Needless to say, a recent meal at one of the newer, and perhaps premier, restaurants located in the city’s center provided no exception. The not-so-humbly entitled “Chef-Restaurant” Kitchen is just one the four dining establishments begun in 2008 as part of a collective business endeavor. While rounding out the foursome are yet two more restaurants (Iz Brasserie and Трактир на Миллионке) in addition to a confectionary (Кондитория Iz Brasserie), it would seem safe to label Kitchen the flagship of the quartet.

Plush, inviting booths, wall-spanning mirror-backed bars and a kitchen open to the diner’s gaze are meshed together by a theme of rustic luxury. While the atmosphere was a pleasant one for a Saturday afternoon lunch, it is clear that the restaurant is built with the evening hours in mind. However, with a 10% discount in effect (действует скидка) during lunchtime hours, this is perhaps the best time for students to get a taste of what the city has to offer in terms of upscale dining.

Navigating the menu here was a pretty simple task as, apart from the appetizers, vegetarian options were few. Luckily my hosting party was kind enough to cater to my tastes in choosing starters and ordered a baked vegetable salad (салат из печёных овощей) prepared according in the Caucasian fashion with the vegetables grilled before being skinned and baked. Another salad of leafy greens with camembert cheese and caramelized pears (листья салата с камамбером и карамелизованной грушой) also found its way to our table along with rabbit liver pate and fried black bread (Паштет из печени кролика, ржаные гренки). For those plates which I took part in consuming, I have nothing but high compliments. The portions outweighed those belonging to the inhalably meager variety of delicacies that are a signature of ‘fine dining’, the full flavors of the various ingredients were individually distinguishable through the light seasoning and the presentation made me almost feel guilty bulldozing my utensils through the culinary masterpieces. Luckily, I quickly overcame my reluctance.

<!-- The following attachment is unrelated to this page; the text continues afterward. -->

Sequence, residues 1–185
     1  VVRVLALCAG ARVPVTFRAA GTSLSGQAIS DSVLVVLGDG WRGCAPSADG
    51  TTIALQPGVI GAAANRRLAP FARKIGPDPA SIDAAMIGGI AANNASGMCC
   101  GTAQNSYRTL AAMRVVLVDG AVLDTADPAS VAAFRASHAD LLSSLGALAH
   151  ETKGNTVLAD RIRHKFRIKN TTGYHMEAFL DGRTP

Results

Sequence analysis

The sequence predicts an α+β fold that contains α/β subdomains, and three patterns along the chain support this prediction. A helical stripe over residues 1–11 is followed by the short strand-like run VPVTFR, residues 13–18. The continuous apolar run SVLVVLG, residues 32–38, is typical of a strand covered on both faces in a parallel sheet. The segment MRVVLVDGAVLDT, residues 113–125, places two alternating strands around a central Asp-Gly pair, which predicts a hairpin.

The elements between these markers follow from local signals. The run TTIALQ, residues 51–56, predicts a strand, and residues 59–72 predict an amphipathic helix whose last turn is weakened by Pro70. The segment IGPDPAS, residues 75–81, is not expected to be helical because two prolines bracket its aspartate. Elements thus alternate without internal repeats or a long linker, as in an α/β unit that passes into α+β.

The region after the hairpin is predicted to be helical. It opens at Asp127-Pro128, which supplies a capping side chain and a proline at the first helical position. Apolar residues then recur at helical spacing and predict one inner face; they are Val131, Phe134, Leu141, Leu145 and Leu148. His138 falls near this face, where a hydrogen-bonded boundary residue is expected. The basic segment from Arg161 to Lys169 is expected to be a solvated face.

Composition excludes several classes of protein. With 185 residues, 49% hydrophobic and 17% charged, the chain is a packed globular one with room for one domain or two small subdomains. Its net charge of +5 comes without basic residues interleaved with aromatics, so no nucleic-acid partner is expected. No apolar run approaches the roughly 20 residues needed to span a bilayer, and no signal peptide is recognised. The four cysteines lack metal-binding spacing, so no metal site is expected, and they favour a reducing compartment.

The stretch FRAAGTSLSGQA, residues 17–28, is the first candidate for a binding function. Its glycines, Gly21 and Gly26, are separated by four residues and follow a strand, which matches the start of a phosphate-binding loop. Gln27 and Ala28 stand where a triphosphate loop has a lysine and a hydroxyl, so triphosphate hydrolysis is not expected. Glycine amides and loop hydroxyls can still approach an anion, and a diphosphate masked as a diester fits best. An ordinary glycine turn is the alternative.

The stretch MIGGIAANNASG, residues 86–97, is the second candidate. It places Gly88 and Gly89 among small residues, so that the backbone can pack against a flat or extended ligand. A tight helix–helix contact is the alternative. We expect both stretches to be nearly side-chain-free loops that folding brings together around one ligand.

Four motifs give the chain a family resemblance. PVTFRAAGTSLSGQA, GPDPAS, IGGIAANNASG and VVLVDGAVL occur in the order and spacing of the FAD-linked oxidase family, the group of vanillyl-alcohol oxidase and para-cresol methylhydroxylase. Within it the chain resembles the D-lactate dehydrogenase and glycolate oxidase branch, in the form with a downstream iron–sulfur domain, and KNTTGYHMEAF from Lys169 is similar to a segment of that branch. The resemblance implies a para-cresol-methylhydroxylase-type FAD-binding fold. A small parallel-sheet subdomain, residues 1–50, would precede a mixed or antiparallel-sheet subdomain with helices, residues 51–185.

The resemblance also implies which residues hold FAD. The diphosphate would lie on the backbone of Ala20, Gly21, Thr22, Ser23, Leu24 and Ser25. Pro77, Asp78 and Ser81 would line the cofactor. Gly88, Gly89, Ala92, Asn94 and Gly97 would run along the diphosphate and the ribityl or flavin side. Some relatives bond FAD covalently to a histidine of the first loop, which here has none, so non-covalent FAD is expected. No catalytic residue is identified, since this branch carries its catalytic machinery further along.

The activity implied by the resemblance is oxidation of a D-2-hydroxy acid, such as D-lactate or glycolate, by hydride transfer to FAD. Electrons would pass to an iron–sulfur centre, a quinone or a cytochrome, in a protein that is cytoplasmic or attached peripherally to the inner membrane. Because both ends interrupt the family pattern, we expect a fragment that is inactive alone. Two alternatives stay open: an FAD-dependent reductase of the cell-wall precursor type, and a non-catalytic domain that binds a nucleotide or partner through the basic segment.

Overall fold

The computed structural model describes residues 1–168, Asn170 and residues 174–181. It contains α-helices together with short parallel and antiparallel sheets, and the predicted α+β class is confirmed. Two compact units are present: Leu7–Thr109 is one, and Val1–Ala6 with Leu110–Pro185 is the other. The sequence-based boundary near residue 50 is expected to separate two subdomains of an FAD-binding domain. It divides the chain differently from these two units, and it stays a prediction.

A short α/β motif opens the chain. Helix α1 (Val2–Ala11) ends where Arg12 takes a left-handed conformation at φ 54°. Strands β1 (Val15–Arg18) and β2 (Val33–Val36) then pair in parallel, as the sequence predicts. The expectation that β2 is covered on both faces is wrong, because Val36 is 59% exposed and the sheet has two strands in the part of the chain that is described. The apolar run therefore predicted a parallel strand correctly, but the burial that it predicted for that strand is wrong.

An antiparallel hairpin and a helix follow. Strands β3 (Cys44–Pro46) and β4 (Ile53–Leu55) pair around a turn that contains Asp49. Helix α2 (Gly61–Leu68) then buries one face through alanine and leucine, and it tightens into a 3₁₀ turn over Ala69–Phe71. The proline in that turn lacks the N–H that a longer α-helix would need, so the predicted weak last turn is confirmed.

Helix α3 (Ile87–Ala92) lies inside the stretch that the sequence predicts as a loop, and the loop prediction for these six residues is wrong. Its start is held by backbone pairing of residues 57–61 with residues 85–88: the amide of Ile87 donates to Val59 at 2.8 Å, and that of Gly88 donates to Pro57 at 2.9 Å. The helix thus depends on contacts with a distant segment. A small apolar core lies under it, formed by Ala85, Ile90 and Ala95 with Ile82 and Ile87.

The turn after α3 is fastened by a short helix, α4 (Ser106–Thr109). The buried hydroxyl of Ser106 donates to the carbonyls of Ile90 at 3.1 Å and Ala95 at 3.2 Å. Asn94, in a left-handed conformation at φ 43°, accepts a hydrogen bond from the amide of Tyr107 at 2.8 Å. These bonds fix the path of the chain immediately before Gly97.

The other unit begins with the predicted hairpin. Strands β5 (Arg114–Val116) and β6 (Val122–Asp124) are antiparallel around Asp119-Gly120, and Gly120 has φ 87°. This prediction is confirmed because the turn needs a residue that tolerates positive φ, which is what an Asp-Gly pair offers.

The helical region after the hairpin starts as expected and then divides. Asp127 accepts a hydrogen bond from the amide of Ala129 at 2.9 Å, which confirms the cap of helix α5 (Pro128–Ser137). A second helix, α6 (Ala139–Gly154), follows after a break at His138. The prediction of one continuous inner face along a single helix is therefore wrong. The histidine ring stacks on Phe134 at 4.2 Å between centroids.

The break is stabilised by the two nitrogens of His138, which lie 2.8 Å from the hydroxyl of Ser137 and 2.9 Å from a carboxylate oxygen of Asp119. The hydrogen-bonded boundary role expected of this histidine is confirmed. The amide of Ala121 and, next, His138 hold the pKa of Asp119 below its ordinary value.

For the main course, my order of spaghetti with pesto sauce left little to be desired. Various other soups, salads and fish-topped pastas filled every last bit of open table space. Despite having already made a hefty dent in the menu’s offerings, the meal would not be complete without a crowning dessert. To this end arrived a dish of the Italian heavy cream based Panna Cota topped with fresh raspberries and a scoop of raspberry sorbet (Панакота с ягодным сорбе). While the contents were nearly consumed before they even came to rest on the table, the unusual hollow glass bowl in which they were served was a thing of wonderment in its own right.

While I was lucky enough to find myself here under another’s patronage for thе meal, a modest lunchtime visit for a student is not an outrageous proposition. However weekly menu samplings aren’t recommended. If nothing else, stop in some time for a drink and an appetizer and soak up the atmosphere. Located on the city’s most popular street for nightlife, this could be the perfect launching pad for your evening out.

– Jordan Bryant

About the author

Jordan Bryant

Jordan Bryant is a recent graduate of Harvard University (Go Crimson!), who specialized in both Slavic Languages and Literatures and the Classics. In order to deepen her knowledge of the Russian language and study the culture from a perspective different than the ones she had already experienced in the "two capitals", she has journeyed to Vladivostok, which is on the other side of the country! After she returns from Russia, she hopes to matriculate into law school and work in the field of international corporate law in Eastern Europe.

Program attended: Challenge Grants

View all posts by: Jordan Bryant

Alex Misbach

Alexander Misbach graduated from the University of Virginia in August of 2014 with degrees in Environmental Science and Russian and East European Studies. He is currently spending an academic year in Vladivostok enrolled in SRAS’s Russian as a Second Language program. Upon the year’s completion he would like to study Polish in its native land, and/or travel until the money runs out.

Program attended: Challenge Grants

View all posts by: Alex Misbach